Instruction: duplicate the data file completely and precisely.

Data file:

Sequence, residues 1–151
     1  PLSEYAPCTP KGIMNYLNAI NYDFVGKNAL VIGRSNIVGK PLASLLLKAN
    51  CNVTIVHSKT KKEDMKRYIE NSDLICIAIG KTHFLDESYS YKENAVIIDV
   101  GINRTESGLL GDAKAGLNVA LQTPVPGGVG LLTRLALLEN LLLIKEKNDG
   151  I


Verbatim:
Sequence, residues 1–151
     1  PLSEYAPCTP KGIMNYLNAI NYDFVGKNAL VIGRSNIVGK PLASLLLKAN
    51  CNVTIVHSKT KKEDMKRYIE NSDLICIAIG KTHFLDESYS YKENAVIIDV
   101  GINRTESGLL GDAKAGLNVA LQTPVPGGVG LLTRLALLEN LLLIKEKNDG
   151  I